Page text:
If you’re in South Africa and struggling to load Twitter today, don’t worry you’re not alone. Due to undersea fibre cable breaks off the…
It seems some people are not aware that Twitter flicked the switch yesterday and moved over fully to OAuth. “Tweetdeck isn’t working!”, “Hootsuite #FAIL!”, “My UberTwitter is down. OMG how will I survive?” are the cries rippling through the Twitterverse. Fear not, fellow twaddicts, because help is at hand.
Twitter recently announced the changeover in their blog. What is Oauth? Twitter explains: “In order for Twitter applications to access your account, developers have been able to choose one of two authentication methods: Basic Authentication or OAuth. Both require your permission, but there is an important difference. With Basic Auth, you provide your username and password for the app to access Twitter, and the application has to store and send this information over the Internet each time you use the app. With OAuth, this isn’t the case. Instead, you approve an application to access Twitter, and the application doesn’t store your password.”
In a nutshell, it’s a more secure method and should help to stem account hacks. Your username and password will now reside on Twitter only, and you will have to provide your Twitter client with authorisation to access your Twitter account.
This is not another Twitter third-party killing rampage. The company is well-known for assisting some of its most successful third-party clients to commit Twittercide. So far sponsored tweets, some image hosting sites, iPhone apps and url shorteners have all become victims. The move to OAuth may actually kill off some lazy third-party apps. Twitter told developers way back in December 2009 about the move to Oauth and most of them have been expeditious in implementation. Third-party clients like Echofon, TweetDeck, Twitterrific, Seesmic, and Twitter for Android, iPhone, and BlackBerry, are already using OAuth, so you may not have to do anything.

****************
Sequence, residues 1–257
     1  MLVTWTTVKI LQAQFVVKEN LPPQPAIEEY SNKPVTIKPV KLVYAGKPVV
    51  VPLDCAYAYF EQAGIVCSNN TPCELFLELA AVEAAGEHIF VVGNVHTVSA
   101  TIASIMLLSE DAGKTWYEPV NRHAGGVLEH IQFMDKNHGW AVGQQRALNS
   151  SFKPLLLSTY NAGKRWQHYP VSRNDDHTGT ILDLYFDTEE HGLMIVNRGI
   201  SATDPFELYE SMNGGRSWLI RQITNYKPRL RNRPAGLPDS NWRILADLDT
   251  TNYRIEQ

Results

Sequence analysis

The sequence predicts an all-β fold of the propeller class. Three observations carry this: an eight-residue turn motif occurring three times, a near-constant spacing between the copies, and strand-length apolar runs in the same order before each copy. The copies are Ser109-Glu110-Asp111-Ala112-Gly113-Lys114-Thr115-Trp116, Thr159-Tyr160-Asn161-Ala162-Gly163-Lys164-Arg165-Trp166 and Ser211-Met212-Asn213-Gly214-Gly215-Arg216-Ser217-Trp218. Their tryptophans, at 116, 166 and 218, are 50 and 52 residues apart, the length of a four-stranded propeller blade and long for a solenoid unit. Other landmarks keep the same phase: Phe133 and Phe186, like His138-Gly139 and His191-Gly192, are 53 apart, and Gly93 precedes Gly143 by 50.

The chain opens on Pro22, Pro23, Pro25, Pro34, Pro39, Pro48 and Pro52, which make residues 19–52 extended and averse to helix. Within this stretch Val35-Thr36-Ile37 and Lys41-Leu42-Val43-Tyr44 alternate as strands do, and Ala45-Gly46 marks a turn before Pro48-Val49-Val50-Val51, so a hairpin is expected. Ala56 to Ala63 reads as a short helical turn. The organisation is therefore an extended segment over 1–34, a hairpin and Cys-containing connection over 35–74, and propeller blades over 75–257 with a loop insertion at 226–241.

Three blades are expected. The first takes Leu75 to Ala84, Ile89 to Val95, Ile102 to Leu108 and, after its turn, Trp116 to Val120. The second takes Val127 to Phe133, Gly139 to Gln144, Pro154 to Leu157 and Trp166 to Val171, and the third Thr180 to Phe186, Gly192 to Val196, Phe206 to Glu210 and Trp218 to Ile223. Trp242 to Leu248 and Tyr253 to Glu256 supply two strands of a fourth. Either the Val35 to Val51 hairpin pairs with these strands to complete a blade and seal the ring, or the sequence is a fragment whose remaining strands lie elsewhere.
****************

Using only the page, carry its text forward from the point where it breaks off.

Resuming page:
How do I make sure I’m compliant?
If your Twitter client has stopped working, go and download the latest version of the app. This should rectify any issues.
Twitter and Third Party Clients
Twitter is fairly unique in that many people don’t actually access Twitter on the web to use the service. Up to a third of Twitter users are using 1900 different third-party apps. According to a study in August 2009 by Rapleaf two-thirds of tweets are updated using computers at twitter.com. However, the top 5 clients account for 82% of tweets; and the top 10 account for over 90% of tweets.
If you’re using any one of those 1900 third-party apps, you may have become a victim of the Oauthpocalypse. The good news is you can do something about it.